Face to Face

Facial recognition technology is the next ‘big thing’

By Cathryn Rakich
September 2021

Out of curiosity, I tried it. I went to the Petco Love website and clicked on “Lost.” Under “I Lost a Pet,” I entered Sacramento as a search location.

A second box popped up. “Upload a Photo: Our facial recognition technology will scan the database for possible matches.”

Per the instructions, I selected an image from my computer—the smiling mug of Jett, my black and white chihuahua mix. Once uploaded, I cropped the photo to focus on Jett’s face and hit “Search.”

In approximately 15 seconds, up popped another black and white chihuahua-looking mutt waiting for his owners at a rescue group 52.5 miles away in Vallejo. Of course, it was not Jett. She was soundly asleep on the floor next to my computer desk. But still—pretty impressive.

According to industry statistics, one in every three pets will go missing in its lifeline, an estimated 10 million a year. Searchable databases, like Petco Love Lost (formerly Finding Rover), use facial recognition technology to help missing companion animals reunite with their human families. Upload a photo of the lost dog or cat. The system will scan the image and match it with the mugs of found pets across the country.

“Our shelter takes in thousands of animals each year, most of which have a family that misses them very much and we want to help get those animals back home as quickly as possible,” says Phillip Zimmerman, manager at the city’s Front Street Animal Shelter, which began using Petco Love’s facial recognition technology this year. “We believe Petco Love Lost will be revolutionary.”

The key to ensuring this new technology works is for more pet owners to use it, says Ryan Hinderman, communications and customer service manager at Front Street. “It works very well, but not a lot of people know about it yet. Similar to how microchips took a long time to catch on, I think this has a lot of potential to be the next ‘big thing’ for finding lost pets.”

To help ensure the technology’s success, pet owners are encouraged to post photos of their companion animals to the nationwide database even—and especially—if the furry family members are safe and sound at home. Shelters, rescue groups and veterinary offices—and private citizens—upload photos of found pets, then compare them to dogs or cats already in the system. Next step—homeward bound.

“Animals that arrive as lost/stray are automatically added to the Petco Love Lost facial recognition platform,” says Dawn Foster, director of marketing and communications at the Sacramento SPCA. “Most every animal on our website has a high-quality ‘close-up’ photo of them looking at the camera. Not only does this help the animal catch the eye of potential adopters, it also provides a great photo for the facial recognition software to compare with photos provided by families searching for a lost pet.”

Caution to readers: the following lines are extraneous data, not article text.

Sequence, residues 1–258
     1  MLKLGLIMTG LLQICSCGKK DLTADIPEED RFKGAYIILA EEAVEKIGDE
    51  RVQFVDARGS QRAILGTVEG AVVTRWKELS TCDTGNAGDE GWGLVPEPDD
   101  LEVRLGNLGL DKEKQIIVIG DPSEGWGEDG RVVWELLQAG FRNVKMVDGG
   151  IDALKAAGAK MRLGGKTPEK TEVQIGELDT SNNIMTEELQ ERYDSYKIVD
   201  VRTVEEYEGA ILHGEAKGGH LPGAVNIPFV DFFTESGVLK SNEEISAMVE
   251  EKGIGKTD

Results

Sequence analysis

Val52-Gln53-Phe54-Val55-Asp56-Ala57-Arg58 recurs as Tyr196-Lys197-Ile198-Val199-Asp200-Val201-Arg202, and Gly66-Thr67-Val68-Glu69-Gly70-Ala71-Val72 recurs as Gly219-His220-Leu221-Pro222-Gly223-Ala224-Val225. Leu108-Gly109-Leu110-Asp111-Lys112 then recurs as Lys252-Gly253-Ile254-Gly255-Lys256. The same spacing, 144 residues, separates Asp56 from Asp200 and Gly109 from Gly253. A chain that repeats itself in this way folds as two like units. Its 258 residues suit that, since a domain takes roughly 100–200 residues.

Facial recognition technology is not the only tool pet owners should use to find their missing animals, Hinderman adds. “For example, most lost cats hide within a five-house radius of where they went missing. The best strategy to find a cat is to knock on neighbors’ doors and ask if you can search their yard, or if they can take a look under decks, in sheds, etc.

“People should still be using Craigslist, Facebook, Nextdoor and put up big lost pet posters at the major intersections near their house.”

Also check local shelters—the county’s Bradshaw Animal Shelter, city’s Front Street Animal Shelter and Sacramento SPCA—which are required to hold healthy stray animals for three business days before they are considered for adoption or euthanasia. If the animal is not located, visit each shelter to file a lost pet report.

“The most important advice we can give any pet owner is to microchip your pet, keep the microchip contact information up to date and take a high-quality, close-up photo of your pet for physical identification purposes,” Foster says. “All of these pet identifiers can be uploaded to facial recognition databases before a pet is lost and are essential in reuniting a lost pet with their owner, whether they escape the yard or get displaced during a natural disaster.”

Remember, in addition to a microchip, a collar with an ID tag is the best and fastest way to bring your furry family member home.

“The facial recognition technology is incredibly accurate, easy to use and free,” Zimmerman says. “Even if the animal doesn’t have a collar and microchip, they still have a face.”

For more information, visit lost.petcolove.org.

Cathryn Rakich can be reached at crakich@surewest.net. Follow us on Facebook, Twitter and Instagram: @insidesacramento.

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